The Autumn Budget is now just a couple of weeks away. Whether it is the excitement of playing along to ‘buzzword bingo’ or guessing the colour of the Chancellor’s tie – or perhaps you are even genuinely interested in what is being said – it remains one of the most highly anticipated events of the financial services sector’s year.
While Twitter tends to go mad with banter and people trying to be first to tell their followers what has been said, though, more often than not it can be a damp squib for investors. Having said that, occasionally a raft of changes are announced that will have positive and negative implications for our clients.
Ahead of the Budget announcement on 22 November, there has been some speculation that changes could lie ahead for venture capital trusts (VCTs). Investors in these vehicles currently benefit from a 30% tax break if they hold the shares for more than five years.
A paper published by HM Treasury in August, however, expressed concerns some VCTs are too focused on capital preservation, which is at odds with the UK government’s aim of encouraging new capital into higher-risk assets. As a result, there are rumours this 30% tax break could be slashed to 20%. As a consequence, a number of VCTs have begun to raise money ahead of the Budget.
For investors who do not yet have exposure to VCTs in their portfolios, what will this mean? And should they still consider buying this type of fund? I would say yes – provided, of course, it is suitable for their risk tolerance and overall financial goals.
Nearly every major provider is raising money right now, which is unusual. Occasionally a few may fundraise at this time of year, but normally the majority of activity takes place during the first quarter. This coincides with the end of the tax year when people are more incentivised to focus on tax-efficient products. To me, this is a signal they are sufficiently worried there is going to be a change to the tax relief.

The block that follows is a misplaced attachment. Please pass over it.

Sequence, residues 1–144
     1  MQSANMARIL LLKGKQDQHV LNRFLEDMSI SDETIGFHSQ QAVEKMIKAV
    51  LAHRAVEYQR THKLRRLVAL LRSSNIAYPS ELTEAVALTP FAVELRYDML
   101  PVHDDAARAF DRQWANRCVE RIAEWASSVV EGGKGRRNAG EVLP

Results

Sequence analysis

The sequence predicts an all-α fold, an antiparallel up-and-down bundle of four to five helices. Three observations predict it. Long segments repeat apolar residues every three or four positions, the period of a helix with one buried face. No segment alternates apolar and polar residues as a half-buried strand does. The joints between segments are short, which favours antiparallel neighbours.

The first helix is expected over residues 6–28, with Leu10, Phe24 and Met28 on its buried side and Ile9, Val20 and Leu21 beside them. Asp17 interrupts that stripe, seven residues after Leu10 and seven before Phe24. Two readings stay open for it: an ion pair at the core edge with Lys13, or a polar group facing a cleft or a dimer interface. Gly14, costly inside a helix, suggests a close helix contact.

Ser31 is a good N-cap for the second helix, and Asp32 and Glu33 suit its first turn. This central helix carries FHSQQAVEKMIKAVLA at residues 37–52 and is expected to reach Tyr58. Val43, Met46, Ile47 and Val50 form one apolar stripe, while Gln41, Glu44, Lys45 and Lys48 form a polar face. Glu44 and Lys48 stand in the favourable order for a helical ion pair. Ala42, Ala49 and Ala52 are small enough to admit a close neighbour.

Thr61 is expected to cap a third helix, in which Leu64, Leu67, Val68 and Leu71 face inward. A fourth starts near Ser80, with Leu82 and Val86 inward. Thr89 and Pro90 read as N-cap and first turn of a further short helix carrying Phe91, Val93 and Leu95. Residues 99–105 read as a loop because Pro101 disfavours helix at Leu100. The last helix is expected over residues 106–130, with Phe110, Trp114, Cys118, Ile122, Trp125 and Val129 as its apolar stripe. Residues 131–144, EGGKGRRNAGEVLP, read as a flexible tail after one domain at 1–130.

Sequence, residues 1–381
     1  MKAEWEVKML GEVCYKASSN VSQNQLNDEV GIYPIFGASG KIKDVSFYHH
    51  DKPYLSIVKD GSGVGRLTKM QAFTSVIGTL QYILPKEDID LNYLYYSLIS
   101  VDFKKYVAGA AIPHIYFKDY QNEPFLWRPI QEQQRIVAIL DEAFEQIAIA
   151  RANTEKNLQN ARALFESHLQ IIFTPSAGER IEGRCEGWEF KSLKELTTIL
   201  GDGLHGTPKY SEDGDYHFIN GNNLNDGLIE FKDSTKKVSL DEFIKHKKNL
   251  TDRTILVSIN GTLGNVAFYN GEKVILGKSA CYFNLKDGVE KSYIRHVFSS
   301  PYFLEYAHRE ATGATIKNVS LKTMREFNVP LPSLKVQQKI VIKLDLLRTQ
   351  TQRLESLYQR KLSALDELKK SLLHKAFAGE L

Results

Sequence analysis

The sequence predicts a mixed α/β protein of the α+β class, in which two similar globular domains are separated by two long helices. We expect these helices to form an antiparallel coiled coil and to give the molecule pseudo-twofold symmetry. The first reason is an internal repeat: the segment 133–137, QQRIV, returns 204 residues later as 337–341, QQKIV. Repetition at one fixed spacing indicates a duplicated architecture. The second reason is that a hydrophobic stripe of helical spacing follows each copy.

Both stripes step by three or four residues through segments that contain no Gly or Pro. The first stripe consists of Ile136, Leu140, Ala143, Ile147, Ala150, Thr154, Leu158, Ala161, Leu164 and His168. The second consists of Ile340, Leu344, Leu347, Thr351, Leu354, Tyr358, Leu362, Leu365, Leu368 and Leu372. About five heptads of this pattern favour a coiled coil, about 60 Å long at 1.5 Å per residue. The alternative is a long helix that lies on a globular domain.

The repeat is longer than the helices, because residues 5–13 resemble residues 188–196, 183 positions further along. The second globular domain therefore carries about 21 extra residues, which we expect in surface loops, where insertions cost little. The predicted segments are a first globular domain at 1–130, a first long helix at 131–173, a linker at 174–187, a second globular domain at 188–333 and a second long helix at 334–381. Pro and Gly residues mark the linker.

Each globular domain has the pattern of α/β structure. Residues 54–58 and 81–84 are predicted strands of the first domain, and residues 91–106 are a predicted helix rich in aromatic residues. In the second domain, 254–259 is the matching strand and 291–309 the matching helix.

Not only do VCTs currently offer 30% tax relief but any income or dividends that are paid from VCTs are also free of income tax. In addition, any gains made within the VCT are free of capital gains tax. So that all adds up to a real advantage – especially when you consider that the dividend tax allowance could be cut too.
Another point to consider is that VCTs invest across a range of asset classes, including AIM stocks and private equity, which can provide diversification within a broader portfolio.
Finally, the potential threat to this current tax relief set-up is a prime reason to buy into VCTs now. I particularly like the current offers from private equity fund Mobeus Income & Growth, Unicorn AIM VCT and Downing ONE VCT.
VCTs certainly make sense for people with high tax bills and an appetite for taking on risk. They would also need a long-term outlook as you need to hold VCTs for a minimum of five years to qualify for the tax relief.
VCTs are all about funding companies during their early stages of growth – and, in the process, providing investors with the potential to be rewarded well over the long term.
Darius McDermott is managing director of FundCalibre